You might not know it, but art directors are one of the strongest backbones of any production. When we go to the movies, we’ve learned to really only pay attention to the celebrity stars and directors.
But what about the art directors that made all of the visual aspects of the film come alive? Sometimes, the visual effects made are so seamless, you might not even notice them.
Other times, the visual style of a film is a massive undertaking you can’t help but praise. Either way, you have an art director to thank for both of these film experiences.
And let’s be honest. Who doesn’t love going to the movies for the sake of being immersed in an entirely different world?
So what does an art director actually do? And what does it take to become an art director?
If you’re asking yourself these questions and are interested in a career in art direction, then you’ve come to the right place. But first, let’s take a look at why art direction is so important in the first place.
See Related: What is Sound Editing in Film?
Core elements of art direction & production design
Art directors exist beyond the film industry and crop up in advertising, television, and graphic design. But what are the core elements that guide art direction and production design regardless of their respective companies?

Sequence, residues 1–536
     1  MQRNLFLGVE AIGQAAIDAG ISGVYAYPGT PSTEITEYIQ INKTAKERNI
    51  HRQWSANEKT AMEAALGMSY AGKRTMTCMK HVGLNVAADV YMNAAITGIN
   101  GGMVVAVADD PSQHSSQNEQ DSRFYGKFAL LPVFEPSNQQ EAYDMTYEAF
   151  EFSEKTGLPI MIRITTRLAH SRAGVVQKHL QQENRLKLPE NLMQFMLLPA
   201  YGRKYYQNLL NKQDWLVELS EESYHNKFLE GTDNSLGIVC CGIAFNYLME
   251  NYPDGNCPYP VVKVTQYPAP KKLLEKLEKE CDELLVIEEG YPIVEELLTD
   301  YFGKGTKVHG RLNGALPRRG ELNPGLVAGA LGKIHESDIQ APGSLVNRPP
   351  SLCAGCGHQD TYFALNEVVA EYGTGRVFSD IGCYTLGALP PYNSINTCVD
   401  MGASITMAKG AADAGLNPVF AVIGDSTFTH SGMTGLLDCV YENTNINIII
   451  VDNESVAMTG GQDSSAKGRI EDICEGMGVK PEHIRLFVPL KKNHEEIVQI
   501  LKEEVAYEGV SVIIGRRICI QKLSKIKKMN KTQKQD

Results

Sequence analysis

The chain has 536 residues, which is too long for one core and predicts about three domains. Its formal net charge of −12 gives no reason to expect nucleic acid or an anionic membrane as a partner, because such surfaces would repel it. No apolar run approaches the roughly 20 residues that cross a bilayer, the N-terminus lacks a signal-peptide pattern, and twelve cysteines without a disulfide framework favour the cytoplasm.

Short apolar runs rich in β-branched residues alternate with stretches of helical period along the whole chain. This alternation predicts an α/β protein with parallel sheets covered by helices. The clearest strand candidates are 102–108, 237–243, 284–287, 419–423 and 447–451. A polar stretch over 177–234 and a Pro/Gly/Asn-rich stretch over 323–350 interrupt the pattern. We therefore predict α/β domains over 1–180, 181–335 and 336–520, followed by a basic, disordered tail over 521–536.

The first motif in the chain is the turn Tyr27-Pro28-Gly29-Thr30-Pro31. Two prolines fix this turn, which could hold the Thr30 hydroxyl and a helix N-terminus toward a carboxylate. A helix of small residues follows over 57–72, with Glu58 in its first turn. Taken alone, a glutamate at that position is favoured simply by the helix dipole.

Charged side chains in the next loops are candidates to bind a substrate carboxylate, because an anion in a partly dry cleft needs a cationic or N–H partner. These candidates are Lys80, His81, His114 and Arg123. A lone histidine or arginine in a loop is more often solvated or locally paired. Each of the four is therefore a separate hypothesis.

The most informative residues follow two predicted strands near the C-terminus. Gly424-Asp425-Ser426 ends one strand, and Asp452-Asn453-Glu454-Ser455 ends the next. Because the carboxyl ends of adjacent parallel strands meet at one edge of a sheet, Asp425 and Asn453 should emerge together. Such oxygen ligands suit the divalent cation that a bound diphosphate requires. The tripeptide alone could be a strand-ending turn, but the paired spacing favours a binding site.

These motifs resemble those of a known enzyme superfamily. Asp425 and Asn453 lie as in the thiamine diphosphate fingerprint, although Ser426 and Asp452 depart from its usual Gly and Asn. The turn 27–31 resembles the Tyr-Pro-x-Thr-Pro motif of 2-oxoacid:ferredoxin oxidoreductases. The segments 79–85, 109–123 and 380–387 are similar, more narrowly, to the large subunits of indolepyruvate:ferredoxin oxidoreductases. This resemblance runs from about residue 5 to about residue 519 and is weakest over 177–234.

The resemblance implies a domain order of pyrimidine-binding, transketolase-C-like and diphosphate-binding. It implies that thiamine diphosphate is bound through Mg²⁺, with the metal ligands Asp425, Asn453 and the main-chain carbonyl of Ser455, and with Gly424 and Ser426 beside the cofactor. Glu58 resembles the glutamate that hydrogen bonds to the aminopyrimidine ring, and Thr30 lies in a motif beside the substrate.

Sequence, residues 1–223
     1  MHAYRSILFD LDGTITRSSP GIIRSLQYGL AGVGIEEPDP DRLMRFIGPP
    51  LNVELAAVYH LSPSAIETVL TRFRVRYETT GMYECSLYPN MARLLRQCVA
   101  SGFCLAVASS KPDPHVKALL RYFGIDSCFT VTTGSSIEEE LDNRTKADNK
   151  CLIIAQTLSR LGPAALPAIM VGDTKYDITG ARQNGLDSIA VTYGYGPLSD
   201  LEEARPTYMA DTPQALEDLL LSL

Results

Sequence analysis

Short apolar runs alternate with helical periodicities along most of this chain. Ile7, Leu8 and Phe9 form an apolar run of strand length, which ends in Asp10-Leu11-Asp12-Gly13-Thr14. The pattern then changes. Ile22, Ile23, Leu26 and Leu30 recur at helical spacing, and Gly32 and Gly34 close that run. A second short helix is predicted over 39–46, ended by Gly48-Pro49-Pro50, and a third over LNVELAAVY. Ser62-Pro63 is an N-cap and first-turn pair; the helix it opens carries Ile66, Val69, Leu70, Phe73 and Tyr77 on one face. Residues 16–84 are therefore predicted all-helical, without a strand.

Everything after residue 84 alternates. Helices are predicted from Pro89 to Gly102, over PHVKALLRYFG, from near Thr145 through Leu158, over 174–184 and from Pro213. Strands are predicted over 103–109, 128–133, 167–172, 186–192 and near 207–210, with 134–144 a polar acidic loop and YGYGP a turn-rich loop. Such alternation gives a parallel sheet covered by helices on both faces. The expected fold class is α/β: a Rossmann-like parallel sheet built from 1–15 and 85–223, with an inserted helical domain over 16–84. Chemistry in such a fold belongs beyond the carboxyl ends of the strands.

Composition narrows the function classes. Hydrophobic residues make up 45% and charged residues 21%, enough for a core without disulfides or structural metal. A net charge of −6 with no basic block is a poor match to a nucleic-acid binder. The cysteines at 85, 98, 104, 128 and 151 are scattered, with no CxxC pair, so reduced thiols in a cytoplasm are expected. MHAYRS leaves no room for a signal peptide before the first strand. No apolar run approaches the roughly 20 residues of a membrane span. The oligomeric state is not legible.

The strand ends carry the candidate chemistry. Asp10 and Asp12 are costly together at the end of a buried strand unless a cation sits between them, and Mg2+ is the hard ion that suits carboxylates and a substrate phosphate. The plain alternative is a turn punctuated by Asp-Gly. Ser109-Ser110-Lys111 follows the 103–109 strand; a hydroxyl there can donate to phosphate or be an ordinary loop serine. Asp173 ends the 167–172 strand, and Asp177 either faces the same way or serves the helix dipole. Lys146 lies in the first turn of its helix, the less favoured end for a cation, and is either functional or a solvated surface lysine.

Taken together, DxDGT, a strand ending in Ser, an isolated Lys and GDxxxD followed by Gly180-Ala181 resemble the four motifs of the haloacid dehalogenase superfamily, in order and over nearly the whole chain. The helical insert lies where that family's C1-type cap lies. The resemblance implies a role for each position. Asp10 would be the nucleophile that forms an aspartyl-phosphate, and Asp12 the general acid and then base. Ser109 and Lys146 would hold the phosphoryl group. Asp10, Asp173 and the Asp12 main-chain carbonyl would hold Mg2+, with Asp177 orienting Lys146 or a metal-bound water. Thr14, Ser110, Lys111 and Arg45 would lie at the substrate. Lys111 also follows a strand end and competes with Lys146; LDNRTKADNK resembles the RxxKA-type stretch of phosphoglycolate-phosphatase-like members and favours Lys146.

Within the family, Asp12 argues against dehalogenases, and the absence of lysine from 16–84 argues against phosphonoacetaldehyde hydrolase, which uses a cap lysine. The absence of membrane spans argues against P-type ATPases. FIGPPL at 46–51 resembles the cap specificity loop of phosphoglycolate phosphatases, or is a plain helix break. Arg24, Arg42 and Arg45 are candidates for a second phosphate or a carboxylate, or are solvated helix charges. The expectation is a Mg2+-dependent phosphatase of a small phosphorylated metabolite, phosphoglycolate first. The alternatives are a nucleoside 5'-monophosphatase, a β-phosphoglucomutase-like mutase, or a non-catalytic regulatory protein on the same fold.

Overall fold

Set designers will often work with directors on the overall concept, sometimes concepts, for the film. And this helps the project explore and ultimately center its artistic skills around a singular idea.
An art director is, first and foremost, responsible for thinking holistically. So, while details in costumes and props are important, the art director will head the entire job, blueprint and all.
Sure, people like to look at pretty things, especially on video. But an art director is more focused on what’s interesting to look at on video.
There’s nothing worse than being bored at the movies. So if there’s a scene that needs a particular lift, the art director can focus their teams’ attention on the right ideas and design.
They may even accomplish this through CGI animation. But either way, their job is about setting up a pleasing aesthetic to view throughout the movie.
Color palettes are an amazing visual tool that the artists in the art department get to work with. Using color theory and color psychology, artists use their skills in each scene to reflect a different mood based on the movie and its artistic style.
You’ll actually find this a lot in advertising – like how the designers will create fast-food graphics meant to make you feel hungry. But for films, creative directors and designers will be focused on creating the mood and impacting the audience’s experience.
You know how movies look like movies, as in, they don’t look like a video you shot on your iPhone? Well, that magic lies in the hands of art directors and their ability to create a visual theme that lasts throughout the rest of the entire project.
The team in the art department might reuse a specific scouted location site, creating a recurrent theme throughout. Or, they’ll focus on the creation of graphic design to give their movie a particular edge.